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Opposites Attract: Mixed Couples Share Their Insights on Love and Diversity

Emily and Marc.

Two people from diverse cultural backgrounds uniting in a lifetime partnership isn’t merely a recent trend.

If you think about it, back when Western countries colonised Asia, Africa, North and South America, interracial matrimony was happening – although it was immensely frowned upon. Frankly, interracial couples are unfortunately still not viewed all that favourably to this day. But love is love, and they say love is blind.

In accordance with Indonesian law, a mixed marriage is defined as a marriage between a foreigner and an Indonesian citizen. These couples, however, need to follow perplexing legal procedures to avoid future complications regarding their status – especially in Indonesia with the foreign spouse’s legal status in Indonesia, a place to stay, stay permits such as KITAS or KITAP, and others. Consulting with a professional legal consultant is highly advisable so that mixed marriage couples comply with the Indonesian Law.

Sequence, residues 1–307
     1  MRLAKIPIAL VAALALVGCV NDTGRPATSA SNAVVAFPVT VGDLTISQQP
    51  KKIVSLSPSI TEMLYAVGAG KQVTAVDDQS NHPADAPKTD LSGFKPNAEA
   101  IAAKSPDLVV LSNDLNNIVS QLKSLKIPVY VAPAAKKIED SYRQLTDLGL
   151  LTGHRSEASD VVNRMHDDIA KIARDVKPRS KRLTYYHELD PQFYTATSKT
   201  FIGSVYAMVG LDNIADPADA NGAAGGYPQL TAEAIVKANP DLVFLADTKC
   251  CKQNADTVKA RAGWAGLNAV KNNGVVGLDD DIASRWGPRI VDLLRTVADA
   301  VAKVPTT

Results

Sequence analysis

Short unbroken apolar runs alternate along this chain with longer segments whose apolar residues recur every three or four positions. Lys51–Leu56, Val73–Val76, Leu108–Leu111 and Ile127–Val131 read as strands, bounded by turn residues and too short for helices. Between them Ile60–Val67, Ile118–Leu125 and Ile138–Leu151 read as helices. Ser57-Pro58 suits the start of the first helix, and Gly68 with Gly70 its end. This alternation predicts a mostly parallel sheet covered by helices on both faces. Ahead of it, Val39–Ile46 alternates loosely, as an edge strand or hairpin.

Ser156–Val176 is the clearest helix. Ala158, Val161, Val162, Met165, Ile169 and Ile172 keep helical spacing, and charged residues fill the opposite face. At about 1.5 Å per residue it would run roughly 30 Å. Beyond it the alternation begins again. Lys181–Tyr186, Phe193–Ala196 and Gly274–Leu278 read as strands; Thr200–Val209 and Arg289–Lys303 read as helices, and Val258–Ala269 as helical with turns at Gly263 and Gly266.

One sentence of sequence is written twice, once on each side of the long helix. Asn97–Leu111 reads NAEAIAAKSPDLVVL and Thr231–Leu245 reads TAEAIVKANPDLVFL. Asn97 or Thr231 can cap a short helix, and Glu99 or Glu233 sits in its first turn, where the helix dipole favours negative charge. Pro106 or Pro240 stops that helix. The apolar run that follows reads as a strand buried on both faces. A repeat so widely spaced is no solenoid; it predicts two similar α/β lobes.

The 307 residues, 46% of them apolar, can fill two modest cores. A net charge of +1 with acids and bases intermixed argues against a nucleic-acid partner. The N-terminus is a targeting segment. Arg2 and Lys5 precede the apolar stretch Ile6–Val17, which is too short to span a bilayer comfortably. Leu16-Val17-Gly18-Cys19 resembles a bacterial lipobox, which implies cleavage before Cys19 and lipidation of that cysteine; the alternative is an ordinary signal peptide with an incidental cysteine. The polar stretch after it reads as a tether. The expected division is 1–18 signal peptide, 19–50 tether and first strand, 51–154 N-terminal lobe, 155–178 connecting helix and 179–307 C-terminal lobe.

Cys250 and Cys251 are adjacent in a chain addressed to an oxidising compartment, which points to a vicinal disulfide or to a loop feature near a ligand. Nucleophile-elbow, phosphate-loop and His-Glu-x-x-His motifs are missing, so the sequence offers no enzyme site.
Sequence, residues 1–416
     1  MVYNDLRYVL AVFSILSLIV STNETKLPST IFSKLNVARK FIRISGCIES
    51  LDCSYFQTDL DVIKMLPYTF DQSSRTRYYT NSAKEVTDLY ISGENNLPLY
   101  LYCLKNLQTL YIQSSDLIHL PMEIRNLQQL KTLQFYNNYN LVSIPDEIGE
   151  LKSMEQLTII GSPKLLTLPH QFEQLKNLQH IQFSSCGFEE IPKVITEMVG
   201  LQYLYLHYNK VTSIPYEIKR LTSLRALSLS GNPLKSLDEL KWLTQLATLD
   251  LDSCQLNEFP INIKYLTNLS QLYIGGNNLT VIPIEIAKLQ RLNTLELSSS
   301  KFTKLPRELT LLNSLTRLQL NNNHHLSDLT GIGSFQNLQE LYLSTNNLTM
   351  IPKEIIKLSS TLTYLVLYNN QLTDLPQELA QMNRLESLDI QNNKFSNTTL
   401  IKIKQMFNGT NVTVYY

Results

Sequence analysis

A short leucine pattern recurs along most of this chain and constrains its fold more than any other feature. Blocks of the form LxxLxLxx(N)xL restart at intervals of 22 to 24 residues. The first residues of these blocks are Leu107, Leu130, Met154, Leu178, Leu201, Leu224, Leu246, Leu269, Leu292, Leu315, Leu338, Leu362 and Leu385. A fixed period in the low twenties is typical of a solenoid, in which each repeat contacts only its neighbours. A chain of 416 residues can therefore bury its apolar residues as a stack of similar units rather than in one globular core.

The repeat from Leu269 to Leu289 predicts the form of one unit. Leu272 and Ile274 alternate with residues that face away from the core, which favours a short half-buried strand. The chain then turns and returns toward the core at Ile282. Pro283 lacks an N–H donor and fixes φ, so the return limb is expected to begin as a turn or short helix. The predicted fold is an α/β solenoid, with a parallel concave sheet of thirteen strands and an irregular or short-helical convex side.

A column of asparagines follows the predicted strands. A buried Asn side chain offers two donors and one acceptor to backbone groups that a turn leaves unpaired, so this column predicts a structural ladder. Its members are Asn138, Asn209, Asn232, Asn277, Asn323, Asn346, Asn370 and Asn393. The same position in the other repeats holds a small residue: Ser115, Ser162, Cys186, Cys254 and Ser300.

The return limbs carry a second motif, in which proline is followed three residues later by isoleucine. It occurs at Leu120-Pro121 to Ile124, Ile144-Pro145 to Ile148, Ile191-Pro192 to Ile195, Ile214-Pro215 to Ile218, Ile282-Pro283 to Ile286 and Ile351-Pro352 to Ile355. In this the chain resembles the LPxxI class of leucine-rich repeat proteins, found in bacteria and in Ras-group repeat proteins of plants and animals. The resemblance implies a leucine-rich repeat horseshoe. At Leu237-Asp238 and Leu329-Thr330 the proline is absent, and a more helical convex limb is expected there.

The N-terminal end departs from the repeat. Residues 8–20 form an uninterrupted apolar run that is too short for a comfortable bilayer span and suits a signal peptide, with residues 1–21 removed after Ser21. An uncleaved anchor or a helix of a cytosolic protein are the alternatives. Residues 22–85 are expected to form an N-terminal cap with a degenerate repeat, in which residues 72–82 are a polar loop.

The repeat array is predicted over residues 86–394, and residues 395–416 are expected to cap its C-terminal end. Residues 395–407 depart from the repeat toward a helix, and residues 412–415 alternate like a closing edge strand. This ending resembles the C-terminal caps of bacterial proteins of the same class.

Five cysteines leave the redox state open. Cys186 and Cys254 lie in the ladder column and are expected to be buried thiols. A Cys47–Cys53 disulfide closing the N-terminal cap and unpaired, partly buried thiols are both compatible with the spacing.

I contacted several married and unmarried interracial couples to get further insights on tackling societal judgments relating to the foreigner’s decision to choose Indonesia as their home, stereotypes, and tips for interracial couples – regardless of their relationship status and origins.

Cedric and Ratih.

Can you please introduce yourselves and tell me how you both met?
Couple Number One:
My name is Cedric (C), I’m French, and I’ve already been living in Indonesia for over ten years. My Indonesian wife Ratih and I are the owners of Java Lagoon, a small hotel and guesthouse near Pangandaran, West Java. Born and raised in Bandung, West Java, Ratih worked in Bali for several years in some luxury beach resorts before heading back to Bandung. We met in 2009 during her beach holiday in the Pangandaran area, while I was still building the hotel.

Couple Number Two:
I’m Emily (E), from Indonesia and my husband is Marc, from the Netherlands. I met Marc back in 1994 when I was working in Surabaya. Marc was a raw material supplier to the company I worked for, and we have been together since then. Ultimately, we got married in November 1995, so we have been together for over 25 years now with two children, aged 22 and 18, who are both studying in the UK. We have also been working together in our textile company.

Couple Number Three: